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Senator Stabenow Statement on Administration's Announcement on Japan Entering TPP Talks

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U.S. Senator Debbie Stabenow, a member of the Senate Finance Committee, which has jurisdiction over international trade agreements, issued the following statement regarding the Obama Administration's announcement that it is dropping its objection to Japan's inclusion into the Trans-Pacific Partnership (TPP):

"The challenges of concluding a truly fair and effective trade agreement with Japan are immense. For decades, Japan has implemented egregious barriers that have blocked the import of American automobiles, drastically increased our trade deficit and cost Americans their jobs.

"I appreciate the Administration's efforts to stand up for our auto industry and get Japan to come to the table to address its anti-competitive practices.

"But if Japan does not ultimately agree to stop blocking American companies from its markets, I will urge the President and the Congress not to ratify this trade agreement. Any agreement that allows Japan's businesses to continue playing by one set of rules while ours are forced to play by another will cost us jobs, and I will do whatever I can to stop it."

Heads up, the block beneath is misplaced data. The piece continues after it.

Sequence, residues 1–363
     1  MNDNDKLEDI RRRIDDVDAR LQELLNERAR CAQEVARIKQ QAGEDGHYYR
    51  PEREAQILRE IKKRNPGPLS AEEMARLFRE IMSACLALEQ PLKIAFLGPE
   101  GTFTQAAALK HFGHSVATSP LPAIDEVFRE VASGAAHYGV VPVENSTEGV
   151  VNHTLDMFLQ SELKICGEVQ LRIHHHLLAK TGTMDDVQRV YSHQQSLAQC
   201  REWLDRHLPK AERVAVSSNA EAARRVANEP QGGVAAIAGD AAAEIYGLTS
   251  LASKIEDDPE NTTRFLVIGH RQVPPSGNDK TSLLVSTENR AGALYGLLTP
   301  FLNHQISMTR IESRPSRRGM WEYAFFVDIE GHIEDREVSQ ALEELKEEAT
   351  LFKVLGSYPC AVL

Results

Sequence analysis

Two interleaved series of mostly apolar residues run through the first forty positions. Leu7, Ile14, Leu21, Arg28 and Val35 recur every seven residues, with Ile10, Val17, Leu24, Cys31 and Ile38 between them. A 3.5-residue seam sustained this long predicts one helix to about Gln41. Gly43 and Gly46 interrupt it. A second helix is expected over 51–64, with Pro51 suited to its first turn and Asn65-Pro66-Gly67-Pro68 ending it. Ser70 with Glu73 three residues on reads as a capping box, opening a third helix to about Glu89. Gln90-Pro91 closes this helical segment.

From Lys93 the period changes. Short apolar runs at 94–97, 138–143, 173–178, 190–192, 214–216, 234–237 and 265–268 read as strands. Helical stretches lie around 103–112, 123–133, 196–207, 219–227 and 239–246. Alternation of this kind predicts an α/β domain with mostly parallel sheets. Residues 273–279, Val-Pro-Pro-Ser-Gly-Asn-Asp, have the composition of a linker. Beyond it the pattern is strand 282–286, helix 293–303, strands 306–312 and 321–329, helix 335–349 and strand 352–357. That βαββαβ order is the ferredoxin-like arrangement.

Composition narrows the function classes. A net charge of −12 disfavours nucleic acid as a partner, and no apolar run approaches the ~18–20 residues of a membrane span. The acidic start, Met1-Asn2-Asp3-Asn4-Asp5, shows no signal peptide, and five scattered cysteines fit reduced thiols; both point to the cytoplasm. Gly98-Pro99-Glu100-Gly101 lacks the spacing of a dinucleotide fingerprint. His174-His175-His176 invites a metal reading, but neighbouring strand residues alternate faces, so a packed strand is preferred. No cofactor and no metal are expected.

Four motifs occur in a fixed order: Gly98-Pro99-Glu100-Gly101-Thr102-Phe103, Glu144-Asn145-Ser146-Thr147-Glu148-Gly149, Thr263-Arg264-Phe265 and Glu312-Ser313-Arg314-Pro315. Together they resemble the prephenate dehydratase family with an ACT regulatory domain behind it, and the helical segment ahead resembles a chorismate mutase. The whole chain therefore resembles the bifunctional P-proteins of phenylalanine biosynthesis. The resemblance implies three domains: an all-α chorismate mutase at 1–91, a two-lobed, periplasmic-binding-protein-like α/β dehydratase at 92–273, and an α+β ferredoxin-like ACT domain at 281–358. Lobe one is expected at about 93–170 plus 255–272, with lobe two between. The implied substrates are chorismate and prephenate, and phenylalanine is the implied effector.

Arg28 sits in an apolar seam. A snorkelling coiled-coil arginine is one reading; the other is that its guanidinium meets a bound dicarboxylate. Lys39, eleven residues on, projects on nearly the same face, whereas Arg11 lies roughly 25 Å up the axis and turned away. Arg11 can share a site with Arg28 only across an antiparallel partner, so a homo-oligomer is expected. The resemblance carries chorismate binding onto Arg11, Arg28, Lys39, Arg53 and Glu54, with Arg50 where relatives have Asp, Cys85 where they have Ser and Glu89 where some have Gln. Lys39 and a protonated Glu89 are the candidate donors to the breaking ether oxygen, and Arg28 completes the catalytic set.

Sen. Stabenow has been in close contact with the U.S. Trade Representative throughout negotiations on the TPP to express her strong concerns about Japan illegally closing their market to American automobiles.

Japan's efforts to illegally block American cars have led to Japan exporting 120 automobiles into our country for every one American vehicle they allow into their market. Japan's barriers to American automobiles include currency manipulation, onerous vehicle certification for imported cars that Japanese-made vehicles don't have to undergo, zoning laws that make it difficult to establish new dealerships if they carry foreign-made cars, and government incentives that only benefit Japanese cars.

The U.S. trade deficit with Japan is $76 billion, making our trade deficit with the country higher than any other nation except China.

Automobile and auto parts manufacturing is critical to America's economic recovery. In the first half of 2012, the industry accounted for 30% of America's total economic growth. U.S. automakers have created a quarter million American jobs since 2009.


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